The painted lady at Modern Photo

MildredIThe text reads: “The story goes, that in the 1950s local artist Eddie Starr publicly took on Neal Cobb’s mother Mildred, regarded by most as an excellent painter. He did so because she painted from photos as did Roy Powers in later years. Starr asserted that this method lacked originality because they looked like photographs. In a pique, Mildred set up an easel in Modern Photo’s display window on Second Street. On the canvas, in public view, over a span of many weeks she painted an intricate representation of a human skeleton, from memory. Time marched on, and when the skeleton was completed, she fleshed in the bones with muscles and tendons, veins and arteries – from memory a la Leonardo da Vinci. A growing lunchtime crowd gathered each day. Next came skin, covering the muscles, until a drop-dead gorgeous life-size nude eventually graced the window at 28 East Second Street. All from memory.
“Neal recalls that Mildred only grudgingly omitted the middle digit of one of the Modern Photo lady’s hands daintily extending from the proximal interphalangeal joint as a public greeting to her detractor Eddie Starr.”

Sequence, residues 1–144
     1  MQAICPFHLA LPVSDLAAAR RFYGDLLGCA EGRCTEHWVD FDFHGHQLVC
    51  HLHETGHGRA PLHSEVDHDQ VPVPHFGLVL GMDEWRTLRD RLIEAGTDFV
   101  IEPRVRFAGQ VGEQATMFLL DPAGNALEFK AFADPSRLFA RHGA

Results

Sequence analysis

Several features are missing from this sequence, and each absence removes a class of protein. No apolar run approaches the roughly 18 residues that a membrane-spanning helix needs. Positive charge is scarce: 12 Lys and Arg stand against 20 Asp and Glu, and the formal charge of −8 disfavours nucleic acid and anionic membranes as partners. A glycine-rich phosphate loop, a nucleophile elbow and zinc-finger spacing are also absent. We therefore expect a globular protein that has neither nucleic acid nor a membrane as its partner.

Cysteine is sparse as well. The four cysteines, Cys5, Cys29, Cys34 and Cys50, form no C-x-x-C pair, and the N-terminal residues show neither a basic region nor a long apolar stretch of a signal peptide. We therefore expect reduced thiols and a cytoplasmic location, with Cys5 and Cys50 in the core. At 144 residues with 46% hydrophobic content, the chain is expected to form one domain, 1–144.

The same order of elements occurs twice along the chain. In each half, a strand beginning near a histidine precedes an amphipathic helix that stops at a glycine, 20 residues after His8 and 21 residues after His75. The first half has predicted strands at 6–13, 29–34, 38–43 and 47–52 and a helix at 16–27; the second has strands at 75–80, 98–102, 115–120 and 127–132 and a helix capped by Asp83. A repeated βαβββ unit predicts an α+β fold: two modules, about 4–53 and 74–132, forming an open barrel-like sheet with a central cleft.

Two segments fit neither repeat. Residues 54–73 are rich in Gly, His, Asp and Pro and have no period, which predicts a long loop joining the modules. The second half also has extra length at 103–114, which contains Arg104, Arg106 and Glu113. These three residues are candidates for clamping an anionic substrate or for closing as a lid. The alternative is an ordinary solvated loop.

5 thoughts on “The painted lady at Modern Photo

  1. So cool…read the article in the paper and then got on the computer and there she was!

  2. Life-size nude on display in a window on 2nd Street in the 1950’s. 2014 they are complaining about pictures on the Wild Orchid billboard.

    My, how times have changed.

  3. Hello, Mr. Breckenridge and “Old Reno Guy.”: I liveed in Reno all my life, and well remember that beautiful portrait you described, but did not know the story behind it. Wow. That is a great historical story! Thank you. Betty

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